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Australia Full Year 2017: Toyota Hilux and Ford Ranger top record market

The Toyota Hilux is the #1 vehicle in Australia for the 2nd straight year. Picture

* NOW UPDATED with the Top 50 All-brands, Top 350 All-models and Top 50 All-medium and heavy commercial vehicles – click on title *

Consult over 70 years worth of Australian Historical Data here

The Australian new vehicle market marks a third consecutive all-time record year in 2017, up 0.9% on the previous record established in 2016 to lift it to 1.189.116 units. One of the most striking evolutions of the Australian market in 2017 is the fact SUVs outsold passenger cars for the very first time in history. With sales up 5.6% to 465.646, they account for 39.2% of the market this year vs. 37.4% a year ago. Reversely, passenger cars are down a steep 7.5% to 450.012 or 37.8% share vs. 41.3% in 2016. Light commercials, mainly composed of pickup trucks, are even more dynamics than SUVs with a 8.6% year-on-year gain to 236.609 and 19.9% share vs. 18.5% a year ago. Looking at sales by State, the most dynamic is Victoria (Melbourne) with deliveries up 4% to 339.343, with the next best performer being South Australia (Adelaide) at +1% to 72.426, Tasmania up 0.8% to 19.901, Northern Territory (Darwin) up 0.2% to 10.759 and Queensland (Brisbane) stable at 233.101. All other States are in negative: New South Wales (Sydney) down 0.1% to 397.273, Australian Capital Territory (Canberra) dow 1.5% to 18.540 and Western Australia (Perth) down 2.5% to 97.773.

The Ford Ranger soars 16% to a best-ever 2nd place in 2017.

Brand-wise, Toyota remains unreachable, even outpacing the market at +3.3% to 18.2% share, marking 21 years in the Australian pole position including the past 15 straight years. Toyota eclipses 200.000 annual sales for the sixth consecutive year and the 13th time in the past 14 years (record: 238,983 in 2008), keep in mind this is a milestone no other carmaker has ever managed to reach in Australia. Mazda remains in 2nd place – its highest ranking anywhere in the world – despite a 1.6% drop, while both Hyundai (-4.5%) and Holden (-4.2%) retract relatively significantly. Mitsubishi advances almost 10% to return inside the Top 5 most popular brands, knocking Ford (-3.8%) out.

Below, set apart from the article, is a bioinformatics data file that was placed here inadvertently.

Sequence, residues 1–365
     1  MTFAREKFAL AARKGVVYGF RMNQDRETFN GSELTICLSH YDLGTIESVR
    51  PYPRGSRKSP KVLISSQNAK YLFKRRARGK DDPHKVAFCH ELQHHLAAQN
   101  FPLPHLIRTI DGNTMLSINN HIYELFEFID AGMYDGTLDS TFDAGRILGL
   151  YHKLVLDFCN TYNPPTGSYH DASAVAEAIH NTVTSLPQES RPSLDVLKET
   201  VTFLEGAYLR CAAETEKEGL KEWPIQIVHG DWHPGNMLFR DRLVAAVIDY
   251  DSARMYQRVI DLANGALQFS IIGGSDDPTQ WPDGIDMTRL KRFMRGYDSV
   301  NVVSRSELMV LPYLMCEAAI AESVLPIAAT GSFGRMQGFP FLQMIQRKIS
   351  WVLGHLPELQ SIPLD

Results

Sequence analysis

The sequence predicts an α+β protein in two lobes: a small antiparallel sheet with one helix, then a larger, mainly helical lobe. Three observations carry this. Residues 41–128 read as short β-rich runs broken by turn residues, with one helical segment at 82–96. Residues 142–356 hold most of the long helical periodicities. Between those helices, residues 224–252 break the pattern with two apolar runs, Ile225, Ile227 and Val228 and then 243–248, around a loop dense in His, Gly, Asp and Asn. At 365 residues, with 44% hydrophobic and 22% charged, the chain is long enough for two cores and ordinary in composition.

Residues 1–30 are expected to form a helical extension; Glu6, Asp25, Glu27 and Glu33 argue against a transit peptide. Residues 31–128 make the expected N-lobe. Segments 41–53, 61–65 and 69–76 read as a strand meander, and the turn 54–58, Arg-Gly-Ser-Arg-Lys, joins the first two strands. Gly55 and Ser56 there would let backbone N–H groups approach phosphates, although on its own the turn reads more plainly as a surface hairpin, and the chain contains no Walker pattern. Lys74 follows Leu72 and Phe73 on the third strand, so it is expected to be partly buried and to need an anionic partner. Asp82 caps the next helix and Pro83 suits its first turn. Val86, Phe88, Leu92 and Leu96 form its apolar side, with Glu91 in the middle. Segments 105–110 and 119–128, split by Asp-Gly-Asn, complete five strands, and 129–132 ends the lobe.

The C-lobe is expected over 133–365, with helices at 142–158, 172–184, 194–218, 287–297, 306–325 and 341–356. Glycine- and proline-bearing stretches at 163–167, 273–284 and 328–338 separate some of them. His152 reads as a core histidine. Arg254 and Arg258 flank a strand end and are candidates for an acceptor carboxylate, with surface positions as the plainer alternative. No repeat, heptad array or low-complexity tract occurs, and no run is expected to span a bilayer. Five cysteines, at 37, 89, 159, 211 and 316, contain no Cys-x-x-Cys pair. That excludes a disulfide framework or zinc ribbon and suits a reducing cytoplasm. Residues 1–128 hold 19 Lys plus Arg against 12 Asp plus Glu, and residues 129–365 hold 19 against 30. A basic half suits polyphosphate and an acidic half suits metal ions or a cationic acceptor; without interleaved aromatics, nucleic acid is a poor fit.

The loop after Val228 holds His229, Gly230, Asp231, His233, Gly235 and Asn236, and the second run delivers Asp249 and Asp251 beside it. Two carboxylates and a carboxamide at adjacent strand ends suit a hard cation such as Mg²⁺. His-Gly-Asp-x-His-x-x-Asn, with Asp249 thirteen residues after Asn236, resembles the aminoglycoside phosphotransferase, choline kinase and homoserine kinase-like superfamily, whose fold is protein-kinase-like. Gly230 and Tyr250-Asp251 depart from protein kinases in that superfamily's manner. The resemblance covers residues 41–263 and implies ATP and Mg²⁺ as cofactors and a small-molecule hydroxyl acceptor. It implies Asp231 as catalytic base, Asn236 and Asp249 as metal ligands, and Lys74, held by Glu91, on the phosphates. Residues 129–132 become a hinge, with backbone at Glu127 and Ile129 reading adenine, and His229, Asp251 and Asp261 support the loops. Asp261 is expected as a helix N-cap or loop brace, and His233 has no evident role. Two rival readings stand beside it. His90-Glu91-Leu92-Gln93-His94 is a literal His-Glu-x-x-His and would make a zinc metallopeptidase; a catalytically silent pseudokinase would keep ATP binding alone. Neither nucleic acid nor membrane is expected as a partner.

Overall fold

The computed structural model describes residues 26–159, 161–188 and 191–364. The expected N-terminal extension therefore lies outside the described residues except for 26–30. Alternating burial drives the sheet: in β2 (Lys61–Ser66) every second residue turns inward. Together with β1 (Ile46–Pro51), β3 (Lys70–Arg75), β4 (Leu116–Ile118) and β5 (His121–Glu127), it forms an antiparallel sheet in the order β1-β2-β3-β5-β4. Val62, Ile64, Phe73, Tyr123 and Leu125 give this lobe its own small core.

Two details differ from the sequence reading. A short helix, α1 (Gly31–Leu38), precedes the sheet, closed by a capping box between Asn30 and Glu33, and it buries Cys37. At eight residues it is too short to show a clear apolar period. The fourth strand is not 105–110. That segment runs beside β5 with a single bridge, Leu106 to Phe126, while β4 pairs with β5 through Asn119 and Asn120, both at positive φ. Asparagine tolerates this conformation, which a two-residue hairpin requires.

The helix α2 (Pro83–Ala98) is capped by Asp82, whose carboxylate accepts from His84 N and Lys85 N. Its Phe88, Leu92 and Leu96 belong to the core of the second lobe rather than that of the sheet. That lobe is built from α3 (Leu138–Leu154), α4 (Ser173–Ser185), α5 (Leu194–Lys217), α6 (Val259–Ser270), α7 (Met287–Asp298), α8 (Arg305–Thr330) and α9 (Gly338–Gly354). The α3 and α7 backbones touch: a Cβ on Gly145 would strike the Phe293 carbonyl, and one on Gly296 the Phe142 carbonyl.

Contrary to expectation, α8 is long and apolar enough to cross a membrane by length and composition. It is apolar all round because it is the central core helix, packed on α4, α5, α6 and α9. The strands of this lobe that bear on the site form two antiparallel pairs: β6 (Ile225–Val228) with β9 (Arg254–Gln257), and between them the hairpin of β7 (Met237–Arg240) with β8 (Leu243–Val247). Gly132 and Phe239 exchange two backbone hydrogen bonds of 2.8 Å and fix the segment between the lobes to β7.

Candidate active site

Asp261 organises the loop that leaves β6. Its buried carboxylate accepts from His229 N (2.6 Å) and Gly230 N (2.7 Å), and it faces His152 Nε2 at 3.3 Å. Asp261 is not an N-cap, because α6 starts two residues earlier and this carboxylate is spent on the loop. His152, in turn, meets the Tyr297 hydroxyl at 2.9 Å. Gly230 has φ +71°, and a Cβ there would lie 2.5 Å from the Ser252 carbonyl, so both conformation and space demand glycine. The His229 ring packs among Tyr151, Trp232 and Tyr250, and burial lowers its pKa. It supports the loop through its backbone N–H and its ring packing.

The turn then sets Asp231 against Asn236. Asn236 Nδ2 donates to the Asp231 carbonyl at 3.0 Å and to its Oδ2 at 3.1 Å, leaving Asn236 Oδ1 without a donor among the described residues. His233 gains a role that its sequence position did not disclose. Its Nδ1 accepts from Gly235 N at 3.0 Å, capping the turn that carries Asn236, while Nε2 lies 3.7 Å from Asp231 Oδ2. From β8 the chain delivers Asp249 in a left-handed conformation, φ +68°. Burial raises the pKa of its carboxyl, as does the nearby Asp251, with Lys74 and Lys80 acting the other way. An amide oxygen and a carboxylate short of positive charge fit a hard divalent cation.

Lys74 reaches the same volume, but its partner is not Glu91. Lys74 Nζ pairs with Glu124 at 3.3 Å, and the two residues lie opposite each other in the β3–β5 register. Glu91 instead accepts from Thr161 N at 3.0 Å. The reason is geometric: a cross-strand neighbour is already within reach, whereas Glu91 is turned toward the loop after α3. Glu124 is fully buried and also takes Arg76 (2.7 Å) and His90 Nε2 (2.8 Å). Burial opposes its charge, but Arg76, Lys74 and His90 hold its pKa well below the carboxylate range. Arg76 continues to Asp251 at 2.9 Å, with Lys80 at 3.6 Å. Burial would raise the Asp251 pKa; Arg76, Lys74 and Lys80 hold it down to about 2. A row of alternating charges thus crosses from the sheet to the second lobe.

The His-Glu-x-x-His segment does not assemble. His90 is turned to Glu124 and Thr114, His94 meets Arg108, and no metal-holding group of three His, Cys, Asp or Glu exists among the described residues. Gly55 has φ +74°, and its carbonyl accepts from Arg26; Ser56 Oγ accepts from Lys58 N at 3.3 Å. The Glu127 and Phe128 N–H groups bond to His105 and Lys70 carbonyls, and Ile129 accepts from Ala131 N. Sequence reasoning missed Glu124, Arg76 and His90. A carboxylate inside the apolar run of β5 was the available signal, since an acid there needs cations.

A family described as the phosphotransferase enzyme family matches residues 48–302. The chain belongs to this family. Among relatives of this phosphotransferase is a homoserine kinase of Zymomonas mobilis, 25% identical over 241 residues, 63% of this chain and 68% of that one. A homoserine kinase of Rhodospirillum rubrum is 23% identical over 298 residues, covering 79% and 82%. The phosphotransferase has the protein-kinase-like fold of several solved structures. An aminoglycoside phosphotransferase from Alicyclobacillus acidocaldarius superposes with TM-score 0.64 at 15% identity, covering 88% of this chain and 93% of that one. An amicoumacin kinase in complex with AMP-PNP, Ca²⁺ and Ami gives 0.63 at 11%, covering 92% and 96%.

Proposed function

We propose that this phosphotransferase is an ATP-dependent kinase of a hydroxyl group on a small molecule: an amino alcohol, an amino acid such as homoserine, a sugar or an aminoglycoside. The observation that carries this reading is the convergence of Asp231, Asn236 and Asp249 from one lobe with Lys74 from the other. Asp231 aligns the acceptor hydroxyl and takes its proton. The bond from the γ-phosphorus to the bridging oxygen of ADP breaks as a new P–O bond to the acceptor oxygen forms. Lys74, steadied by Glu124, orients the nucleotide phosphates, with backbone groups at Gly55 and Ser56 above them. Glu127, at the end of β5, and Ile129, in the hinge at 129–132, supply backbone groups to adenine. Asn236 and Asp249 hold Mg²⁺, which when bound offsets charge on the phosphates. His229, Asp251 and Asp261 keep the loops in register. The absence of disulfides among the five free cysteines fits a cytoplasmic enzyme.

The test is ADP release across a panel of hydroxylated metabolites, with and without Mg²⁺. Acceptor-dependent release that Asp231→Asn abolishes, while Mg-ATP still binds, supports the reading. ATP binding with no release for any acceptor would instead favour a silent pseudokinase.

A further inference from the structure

Kia posts the largest year-on-year gain in the Top 20 at +28.3%.

Volkswagen (+2.5%) overtakes Nissan (-15.3%) while Kia posts by far the largest year-on-year gain in the Top 20 at +28.3% to hit another annual volume record (54.737) and ranking (#9). Honda (+14.6%), Subaru (+11.7%) and Isuzu Ute (+10.4%) also post double-digit gains in the Top 20 whereas Jeep (-34.5%), BMW (-15.7%) and Audi (-9.3%) are in difficulty. Further down, Great Wall (+270.6%), Haval (+148.3% for its first full year), Lotus (+100%), Chinese LDV (+68%), Maserati (+53.2%), Alfa Romeo (+48.7%), Ram (+36.3%), Aston Martin (+25.2%), McLaren (+24.7%), Rolls Royce (+21.6%), Bentley (+15.3%), Skoda (+12.4%) and Ferrari (+11.7%) post impressive gains. MG comes back to Australia as a Chinese brand and makes its first appearance in the official sales ranking at a discreet (for now?) #34 just below Haval.